Noel and his brother Olin are farmers in Ohio just north of Dayton. They are also Hudson men. I was a stranger the first time I called Noel (right side) ten years ago. Still he climbed off the roof of his barn while fixing its weather vane to take my call. He did so because his wife told shouted up to him that a ‘”club member” was in need.
The night I called Noel from Barkerville, PA, I was in a similar jam that I had been in ten years ago. Mrs. Martin was running rough and Per and I were seeking the counsel of a another Hudson sage. Noel, besides being a farmer had run a transmission shop back in the day. He was in the midst of harvesting his soy bean crop. Still he made time to talk engines.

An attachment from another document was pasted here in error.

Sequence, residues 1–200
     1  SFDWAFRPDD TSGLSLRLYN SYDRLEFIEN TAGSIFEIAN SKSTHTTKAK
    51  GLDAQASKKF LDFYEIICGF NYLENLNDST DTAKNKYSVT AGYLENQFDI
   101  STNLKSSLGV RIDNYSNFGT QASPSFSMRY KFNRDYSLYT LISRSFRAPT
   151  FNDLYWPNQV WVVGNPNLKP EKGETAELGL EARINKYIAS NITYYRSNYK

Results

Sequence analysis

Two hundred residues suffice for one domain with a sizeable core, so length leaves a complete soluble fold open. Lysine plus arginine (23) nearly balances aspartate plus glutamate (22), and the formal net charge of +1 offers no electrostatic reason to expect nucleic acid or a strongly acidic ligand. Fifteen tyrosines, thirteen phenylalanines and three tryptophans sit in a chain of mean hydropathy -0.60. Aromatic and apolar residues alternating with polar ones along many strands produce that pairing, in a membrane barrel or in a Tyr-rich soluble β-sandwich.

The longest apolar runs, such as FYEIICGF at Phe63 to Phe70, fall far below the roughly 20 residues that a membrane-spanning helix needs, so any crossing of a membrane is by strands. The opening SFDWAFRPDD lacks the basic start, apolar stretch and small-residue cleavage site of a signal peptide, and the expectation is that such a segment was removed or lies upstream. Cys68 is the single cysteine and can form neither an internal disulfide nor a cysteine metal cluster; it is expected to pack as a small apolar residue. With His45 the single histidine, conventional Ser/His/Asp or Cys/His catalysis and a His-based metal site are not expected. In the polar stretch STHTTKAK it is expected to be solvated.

My phone battery was dying and its charger was 100 miles behind us at the Carnegie House room we checked out of back in State College, PA. So Per and I spoke quickly while relaying critical information to Noel ahead in Ohio about a fierce rattle the engine made between the highest point on I-80 East of the Mississippi River and the end of the Chesapeake Watershed. After a frank discussion of our concern over engine noise, Per and he worked together as I relayed information Noel was giving and the vital signs Per was reading. Per pulled the No. 4 piston’s spark plug and felt compression. Regardless of why, this was badly needed good news. Once again Noel was there for a fellow “Hudsonite” in a dire straight.